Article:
Lynch syndrome, also known as hereditary nonpolyposis colorectal cancer (HNPCC), is an inherited disorder that increases the risk of many types of cancer, particularly cancers of the colon (large intestine) and rectum, which are collectively referred to as colorectal cancer. People with Lynch syndrome also have an increased risk of cancers of the stomach, small intestine, liver, gallbladder ducts, upper urinary tract, brain, and skin. Additionally, women with this disorder have a high risk of cancer of the ovaries and lining of the uterus(the endometrium). People with Lynch syndrome may occasionally have noncancerous (benign) growths (polyps) in the colon, called colon polyps. In individuals with this disorder, colon polyps occur earlier but not in greater numbers than they do in the general population.

In the United States, about 140,000 new cases of colorectal cancer are diagnosed each year. Approximately 3 to 5 percent of these cancers are caused by Lynch syndrome.

Variations in the MLH1MSH2MSH6PMS2, or EPCAM gene increase the risk of developing Lynch syndrome.

The MLH1MSH2MSH6, and PMS2 genes are involved in the repair of mistakes that occur when DNA is copied in preparation for cell division (a process called DNA replication). Mutations in any of these genes prevent the proper repair of DNA replication mistakes. As the abnormal cells continue to divide, the accumulated mistakes can lead to uncontrolled cell growth and possibly cancer.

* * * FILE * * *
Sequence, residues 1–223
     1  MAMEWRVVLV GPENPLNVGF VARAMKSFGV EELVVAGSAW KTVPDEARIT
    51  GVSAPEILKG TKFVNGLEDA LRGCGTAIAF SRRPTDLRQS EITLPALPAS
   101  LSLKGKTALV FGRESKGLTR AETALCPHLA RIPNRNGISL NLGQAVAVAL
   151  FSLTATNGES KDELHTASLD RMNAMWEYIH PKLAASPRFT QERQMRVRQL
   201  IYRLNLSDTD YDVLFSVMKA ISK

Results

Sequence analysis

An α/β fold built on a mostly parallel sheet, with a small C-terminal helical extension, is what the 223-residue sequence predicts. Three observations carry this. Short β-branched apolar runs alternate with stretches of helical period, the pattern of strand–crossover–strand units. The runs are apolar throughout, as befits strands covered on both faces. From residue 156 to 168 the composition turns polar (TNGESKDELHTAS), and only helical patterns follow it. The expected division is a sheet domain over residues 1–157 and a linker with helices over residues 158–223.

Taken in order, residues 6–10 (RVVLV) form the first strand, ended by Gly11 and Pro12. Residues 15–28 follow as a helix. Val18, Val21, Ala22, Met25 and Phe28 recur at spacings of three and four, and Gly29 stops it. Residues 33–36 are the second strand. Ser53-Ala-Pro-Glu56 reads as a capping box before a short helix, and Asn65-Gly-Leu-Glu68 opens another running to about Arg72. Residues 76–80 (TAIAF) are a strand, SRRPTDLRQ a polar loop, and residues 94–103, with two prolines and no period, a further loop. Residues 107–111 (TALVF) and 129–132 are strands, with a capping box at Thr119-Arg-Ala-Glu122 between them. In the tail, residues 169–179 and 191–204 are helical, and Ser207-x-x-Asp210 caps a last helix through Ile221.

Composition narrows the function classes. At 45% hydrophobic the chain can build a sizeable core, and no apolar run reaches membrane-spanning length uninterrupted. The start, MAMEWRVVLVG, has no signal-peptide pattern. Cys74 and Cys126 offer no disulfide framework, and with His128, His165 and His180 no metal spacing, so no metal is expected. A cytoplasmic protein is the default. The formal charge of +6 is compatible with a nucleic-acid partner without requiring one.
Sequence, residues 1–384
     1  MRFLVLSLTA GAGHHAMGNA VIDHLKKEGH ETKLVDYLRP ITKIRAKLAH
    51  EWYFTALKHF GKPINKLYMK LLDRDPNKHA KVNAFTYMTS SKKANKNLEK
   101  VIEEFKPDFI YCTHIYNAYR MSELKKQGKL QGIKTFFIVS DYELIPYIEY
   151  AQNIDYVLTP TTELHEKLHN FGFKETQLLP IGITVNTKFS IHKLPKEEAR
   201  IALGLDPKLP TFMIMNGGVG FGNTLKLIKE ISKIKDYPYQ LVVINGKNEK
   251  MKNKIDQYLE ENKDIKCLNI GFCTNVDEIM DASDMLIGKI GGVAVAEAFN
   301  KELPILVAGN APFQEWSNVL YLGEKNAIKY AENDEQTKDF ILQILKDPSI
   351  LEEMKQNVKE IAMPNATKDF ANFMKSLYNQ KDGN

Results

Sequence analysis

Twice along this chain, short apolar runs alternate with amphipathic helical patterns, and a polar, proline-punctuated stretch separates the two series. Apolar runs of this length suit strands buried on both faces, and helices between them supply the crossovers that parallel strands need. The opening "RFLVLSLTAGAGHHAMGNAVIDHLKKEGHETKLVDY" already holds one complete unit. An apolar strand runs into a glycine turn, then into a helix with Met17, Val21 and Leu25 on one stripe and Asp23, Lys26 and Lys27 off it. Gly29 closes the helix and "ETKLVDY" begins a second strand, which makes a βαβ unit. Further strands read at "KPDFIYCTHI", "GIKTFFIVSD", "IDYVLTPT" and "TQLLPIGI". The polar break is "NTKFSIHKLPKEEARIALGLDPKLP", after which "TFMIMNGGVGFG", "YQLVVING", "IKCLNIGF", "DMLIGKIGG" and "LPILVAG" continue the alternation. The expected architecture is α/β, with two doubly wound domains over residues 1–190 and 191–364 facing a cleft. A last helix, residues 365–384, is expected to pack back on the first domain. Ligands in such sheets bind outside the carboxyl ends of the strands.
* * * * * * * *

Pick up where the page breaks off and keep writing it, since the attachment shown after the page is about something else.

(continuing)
Mutations in the EPCAM gene also lead to impaired DNA repair, although the gene is not itself involved in this process. The EPCAM gene lies next to the MSH2gene on chromosome 2; certain EPCAM gene mutations cause the MSH2 gene to be turned off (inactivated), interrupting DNA repair and leading to accumulated DNA mistakes.

Although mutations in these genes predispose individuals to cancer, not all people who carry these mutations develop cancerous tumors.

Lynch syndrome cancer risk is inherited in an autosomal dominant pattern, which means one inherited copy of the altered gene in each cell is sufficient to increase cancer risk. It is important to note that people inherit an increased risk of cancer, not the disease itself. Not all people who inherit mutations in these genes will develop cancer.

Credits for Information Above

Lynch syndrome : National Library of Medicine (US). Genetics Home Reference [Internet]. Bethesda (MD): The Library;  Reviewed May, 2013, Published Jun 14, 2016. Available from: